|Editor's Note: |
This article is one of our four-part series called The TikTok Revolution. In this series, we cover the changes and ascent to influence that TikTok has experienced, the significance of its algorithm, and how you can create effective TikTok ads for your practice's needs.
Here are links to all parts of the series:
Part 1: The Revolution is Here
Part 2: How Practices Can Find TikTok Success
Part 3: How to Dominate TikTok Ads and Increase Leads
Part 4: What Makes TikTok's Algorithm Tick?
Here at Incredible, we’re big movie buffs. And if we were to write a movie about the future of TikTok, the opening scene would begin with the classic “you might be wondering how I ended up in this situation” moment.
You would find yourself a Black Mirror-esque world where money is no longer currency. Instead, you’re doing the latest dance trend to an audience of thousands who are tuned into their local Starbucks’ livestream. The worst part? 45 seconds in and you still haven’t gotten enough likes to pay off your latte.
Then, just as you run out of ideas and consider resorting to doing the shuffle, the screen goes black, and the text — “Ten Years Earlier” — stretches across the screen.
Living In a Social Dystopia
Unfortunately for us, we aren’t in a movie, but the symptoms of this social dystopia are already starting to surface. Meta, Feta, Jetta or whatever it is Facebook calls themselves these days keeps lowering the already-low ethical bar in the social space. Googletube is slapping its creators with demonetization like Chris Rock just made fun of someone’s wife. And Elon Musk owned Twitter for, like, 30 seconds… kinda?
Our point is this: social media has proven itself to be volatile, and if the old guards of social media like Facebook, Instagram, YouTube and Twitter are being dethroned, then it’s probably time to start paying attention to the platform giving them the Game of Thrones treatment… that is, if you want to stay relevant and make the most of your social marketing.
In this four-part series, we will explore how your brand can dominate on the kingslayer platform, how you can increase the leads you generate from your social marketing, and why the TikTok algorithm is so. damn. good.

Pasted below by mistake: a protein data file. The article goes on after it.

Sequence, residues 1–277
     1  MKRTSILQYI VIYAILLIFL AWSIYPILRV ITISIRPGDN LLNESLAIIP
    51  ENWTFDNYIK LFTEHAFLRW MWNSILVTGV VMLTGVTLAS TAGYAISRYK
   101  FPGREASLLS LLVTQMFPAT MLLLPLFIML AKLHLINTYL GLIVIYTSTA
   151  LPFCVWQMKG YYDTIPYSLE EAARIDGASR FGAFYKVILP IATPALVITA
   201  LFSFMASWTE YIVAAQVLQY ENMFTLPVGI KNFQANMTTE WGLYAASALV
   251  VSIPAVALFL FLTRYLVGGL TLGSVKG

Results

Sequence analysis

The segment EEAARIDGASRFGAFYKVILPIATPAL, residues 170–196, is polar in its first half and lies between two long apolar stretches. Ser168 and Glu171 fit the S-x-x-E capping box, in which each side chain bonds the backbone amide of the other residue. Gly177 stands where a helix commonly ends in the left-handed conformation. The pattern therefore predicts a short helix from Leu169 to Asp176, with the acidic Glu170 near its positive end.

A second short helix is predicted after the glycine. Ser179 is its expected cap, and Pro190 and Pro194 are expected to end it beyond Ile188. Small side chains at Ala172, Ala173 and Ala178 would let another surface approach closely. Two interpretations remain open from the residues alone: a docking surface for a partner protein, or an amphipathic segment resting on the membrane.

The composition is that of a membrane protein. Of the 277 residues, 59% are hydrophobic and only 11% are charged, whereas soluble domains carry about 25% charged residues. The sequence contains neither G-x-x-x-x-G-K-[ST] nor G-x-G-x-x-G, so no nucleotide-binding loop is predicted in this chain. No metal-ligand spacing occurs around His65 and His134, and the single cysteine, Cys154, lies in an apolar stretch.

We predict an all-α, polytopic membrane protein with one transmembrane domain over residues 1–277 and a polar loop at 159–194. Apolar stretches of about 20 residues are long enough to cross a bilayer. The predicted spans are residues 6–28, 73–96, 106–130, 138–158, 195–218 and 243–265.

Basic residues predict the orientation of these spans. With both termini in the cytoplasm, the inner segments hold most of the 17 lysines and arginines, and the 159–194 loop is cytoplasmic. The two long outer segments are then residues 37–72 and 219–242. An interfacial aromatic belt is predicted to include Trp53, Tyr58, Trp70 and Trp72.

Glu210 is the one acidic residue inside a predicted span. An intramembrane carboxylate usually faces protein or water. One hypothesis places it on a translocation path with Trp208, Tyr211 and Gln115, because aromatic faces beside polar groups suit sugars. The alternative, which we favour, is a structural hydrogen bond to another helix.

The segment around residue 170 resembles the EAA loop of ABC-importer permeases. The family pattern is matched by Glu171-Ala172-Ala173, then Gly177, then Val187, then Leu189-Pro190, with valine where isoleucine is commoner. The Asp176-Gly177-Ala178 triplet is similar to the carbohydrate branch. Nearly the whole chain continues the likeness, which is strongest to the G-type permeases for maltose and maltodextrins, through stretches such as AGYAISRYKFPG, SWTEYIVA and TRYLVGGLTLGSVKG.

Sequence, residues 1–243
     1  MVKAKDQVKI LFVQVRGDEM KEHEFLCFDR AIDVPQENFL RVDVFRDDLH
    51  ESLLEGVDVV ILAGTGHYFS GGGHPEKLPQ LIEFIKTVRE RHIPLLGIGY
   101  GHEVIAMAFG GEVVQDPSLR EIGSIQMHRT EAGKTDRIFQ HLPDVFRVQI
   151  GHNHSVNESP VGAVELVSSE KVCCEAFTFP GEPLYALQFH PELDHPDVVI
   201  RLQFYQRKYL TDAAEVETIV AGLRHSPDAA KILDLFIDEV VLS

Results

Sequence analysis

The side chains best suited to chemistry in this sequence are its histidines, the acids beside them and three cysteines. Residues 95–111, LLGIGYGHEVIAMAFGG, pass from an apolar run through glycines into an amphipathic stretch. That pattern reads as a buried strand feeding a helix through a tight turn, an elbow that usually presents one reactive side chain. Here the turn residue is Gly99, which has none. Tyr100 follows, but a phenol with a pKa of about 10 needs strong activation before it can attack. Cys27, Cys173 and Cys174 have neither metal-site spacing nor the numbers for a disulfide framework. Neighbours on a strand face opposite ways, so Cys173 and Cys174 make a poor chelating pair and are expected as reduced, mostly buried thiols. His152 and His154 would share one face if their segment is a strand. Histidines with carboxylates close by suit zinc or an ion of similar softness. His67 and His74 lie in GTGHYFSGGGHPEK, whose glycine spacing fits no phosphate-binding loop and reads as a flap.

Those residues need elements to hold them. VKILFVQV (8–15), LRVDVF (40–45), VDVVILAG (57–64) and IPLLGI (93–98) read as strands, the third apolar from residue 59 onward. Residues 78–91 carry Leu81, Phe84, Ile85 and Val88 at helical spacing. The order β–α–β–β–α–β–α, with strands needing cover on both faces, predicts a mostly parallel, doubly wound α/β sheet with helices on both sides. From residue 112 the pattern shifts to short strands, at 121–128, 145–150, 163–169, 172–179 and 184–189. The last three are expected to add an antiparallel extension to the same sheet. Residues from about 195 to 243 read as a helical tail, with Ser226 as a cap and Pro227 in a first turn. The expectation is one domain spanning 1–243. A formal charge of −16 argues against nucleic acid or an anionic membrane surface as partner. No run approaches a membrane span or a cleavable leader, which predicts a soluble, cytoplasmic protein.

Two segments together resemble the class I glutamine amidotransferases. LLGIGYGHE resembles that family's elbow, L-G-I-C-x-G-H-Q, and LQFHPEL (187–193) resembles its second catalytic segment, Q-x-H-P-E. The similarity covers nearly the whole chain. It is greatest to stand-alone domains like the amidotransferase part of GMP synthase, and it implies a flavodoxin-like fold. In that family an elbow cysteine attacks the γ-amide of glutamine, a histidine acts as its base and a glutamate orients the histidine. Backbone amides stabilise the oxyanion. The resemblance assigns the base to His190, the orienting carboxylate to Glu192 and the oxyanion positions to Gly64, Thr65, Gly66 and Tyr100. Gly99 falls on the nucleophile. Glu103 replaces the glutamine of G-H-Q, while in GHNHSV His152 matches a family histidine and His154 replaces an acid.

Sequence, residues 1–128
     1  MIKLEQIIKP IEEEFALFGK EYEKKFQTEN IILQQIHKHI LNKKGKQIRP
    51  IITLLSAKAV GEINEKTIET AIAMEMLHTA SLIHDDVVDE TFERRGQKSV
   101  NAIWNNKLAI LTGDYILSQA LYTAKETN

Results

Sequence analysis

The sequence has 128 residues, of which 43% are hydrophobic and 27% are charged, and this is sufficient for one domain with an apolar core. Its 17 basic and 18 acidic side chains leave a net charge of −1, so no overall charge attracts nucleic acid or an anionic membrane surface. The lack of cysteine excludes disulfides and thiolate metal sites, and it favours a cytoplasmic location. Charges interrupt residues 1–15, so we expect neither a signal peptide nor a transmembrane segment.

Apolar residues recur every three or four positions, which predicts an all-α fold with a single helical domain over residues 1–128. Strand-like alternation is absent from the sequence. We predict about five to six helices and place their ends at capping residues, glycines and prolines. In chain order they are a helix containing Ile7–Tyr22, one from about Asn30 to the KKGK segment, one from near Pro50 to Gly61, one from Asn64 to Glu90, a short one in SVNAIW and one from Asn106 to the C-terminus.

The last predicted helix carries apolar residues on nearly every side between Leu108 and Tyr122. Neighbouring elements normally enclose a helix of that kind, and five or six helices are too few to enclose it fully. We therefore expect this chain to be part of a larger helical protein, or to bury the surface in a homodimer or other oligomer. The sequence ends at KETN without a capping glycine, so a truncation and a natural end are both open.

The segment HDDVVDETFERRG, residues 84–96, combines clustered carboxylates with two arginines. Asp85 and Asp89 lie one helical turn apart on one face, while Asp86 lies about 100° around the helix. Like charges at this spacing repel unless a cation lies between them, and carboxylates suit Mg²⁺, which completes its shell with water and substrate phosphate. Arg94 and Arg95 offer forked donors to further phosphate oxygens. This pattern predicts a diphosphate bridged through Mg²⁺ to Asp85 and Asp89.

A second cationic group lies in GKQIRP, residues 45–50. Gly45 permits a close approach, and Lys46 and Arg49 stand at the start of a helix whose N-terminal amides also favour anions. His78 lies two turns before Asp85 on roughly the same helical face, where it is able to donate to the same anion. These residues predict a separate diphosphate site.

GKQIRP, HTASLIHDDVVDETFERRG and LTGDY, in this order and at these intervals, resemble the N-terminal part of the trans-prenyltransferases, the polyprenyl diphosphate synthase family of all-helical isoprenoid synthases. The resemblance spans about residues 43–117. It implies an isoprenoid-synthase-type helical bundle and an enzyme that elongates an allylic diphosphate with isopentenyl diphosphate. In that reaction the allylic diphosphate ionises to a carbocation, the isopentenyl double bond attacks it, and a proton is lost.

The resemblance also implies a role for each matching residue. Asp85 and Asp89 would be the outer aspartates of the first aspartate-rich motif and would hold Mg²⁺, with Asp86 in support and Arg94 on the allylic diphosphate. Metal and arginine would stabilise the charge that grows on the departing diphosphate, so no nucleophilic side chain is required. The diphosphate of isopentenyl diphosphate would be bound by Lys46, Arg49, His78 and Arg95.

This image was also generated by Midjourney.
But to understand all of that, you need to be briefed on some fundamentals about how the short-form video format that TikTok uses came to be. After all, every dystopia has its origin story, and, whether we like it or not, the TikTok Revolution is already here.
It’s Alive! A Monster Platform Is Created
TikTok’s success was no accident. A group of mad tech scientists got together and calculated the elements that, when combined, would create a socially magnetic experience capable of changing the world. It was a calculated and strategic business idea that was executed to perfection. *chef’s kiss*
Much like Bitcoin, the writing was on the wall that this revolution was on the horizon. And just like we’re all jealous of that friend-of-a-friend who somehow knew about Bitcoin when it was $25, there are a ton of app developers out there today feeling the same kind of sting in their wallets.
(That friend-of-a-friend now lives on a yacht named the “S.S I Told You So,” by the way.)
This image was generated by Midjourney.
The TikTok that we know and love (and love to hate) today is a conglomerate of three different apps: Musical.ly, Toutiao and Douyin. Many of the early adopters who downloaded these apps in the early 2010s saw an opening in the market and knew it would only be a matter of time before someone filled it with one irresistible super-platform.
TikTok has now entered the chat.
Toutiao Takes Over News
Before any of these platforms debuted in the U.S., Toutiao became a massive success in China. Toutiao’s full name is actually Jinri Toutiao, which means “today’s headlines” in Chinese. The news-aggregation platform launched in 2012 and made headlines due to the remarkable success of its smartphone app, which claims to “figure out” users within 24 hours.
How good can Toutiao’s algorithm really be, you ask? Well, the average user spends more than 74 minutes each day on Toutiao, an astronomically large number considering the average time someone spends across all platforms is between 120 and 140 minutes per day.